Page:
Both the NFL and the Commission on Presidential Debates are rejecting Republican Donald Trump's assertions about the fall debates, which the billionaire businessman says have been rigged by his opponents to draw a smaller audience by scheduling two of them at the same time as a football game.
Trump began by making an accusation in a tweet posted Friday night: "As usual, Hillary & the Dems are trying to rig the debates so 2 are up against major NFL games. Same as last time w/ Bernie. Unacceptable!"
Trump expanded his conspiracy theory when asked about the debates during an interview for Sunday's "This Week" on ABC: "Well, I'll tell you what I don't like. It's against two NFL games. I got a letter from the NFL saying, 'This is ridiculous. Why are the debates against' — 'cause the NFL doesn't wanna go against the debates. 'Cause the debates are gonna be pretty massive, from what I understand, OK?"
Asked about Trump's assertion, NFL spokesman Brian McCarthy tweeted on Saturday: "While we'd obviously wish the Debate Commission could find another night, we did not send a letter to Mr Trump."
A Trump aide said Saturday that the Republican candidate "was made aware of the conflicting dates by a source close to the league." The aide was not authorized to speak by name and requested anonymity.
The nonpartisan, independent presidential debate commission serves as the event sponsor and sets the participation criteria, dates, sites and formats. The sites and dates for three presidential debates were announced in September 2015.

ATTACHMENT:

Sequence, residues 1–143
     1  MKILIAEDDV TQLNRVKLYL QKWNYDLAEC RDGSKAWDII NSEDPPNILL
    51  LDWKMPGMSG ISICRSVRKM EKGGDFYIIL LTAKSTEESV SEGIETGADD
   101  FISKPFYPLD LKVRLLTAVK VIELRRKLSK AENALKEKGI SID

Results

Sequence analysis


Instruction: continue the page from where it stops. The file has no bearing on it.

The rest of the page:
"The CPD did not consult with any political parties or campaigns in making these decisions," the commission said in a statement issued Saturday.
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Two of the three debates will be televised at the same time as an NFL game. On Sept. 26, the night of the first debate, ESPN will carry the Monday night game featuring the Falcons vs. the Saints. On Oct. 9, the second debate will air opposite the Sunday night game featuring the Giants vs. the Packers on NBC.
The Democratic Party was criticized during the primary race for scheduling debates between Clinton and Sen. Bernie Sanders on Saturday nights and holiday weekends, times when viewership is low. The Sanders campaign suggested that was an effort to limit the size of the audience.
Trump told ABC: "You know, Hillary Clinton wants to be against the NFL. She doesn't — maybe like she did with Bernie Sanders, where they were on Saturday nights when nobody's home."
The Clinton campaign did not comment on Trump's assertions.
In the ABC interview, Trump said three debates were "fine" and that he'd rather have three than one.
AP writers Barry Wilner, Jonathan Lemire and Lisa Lerer contributed to this report.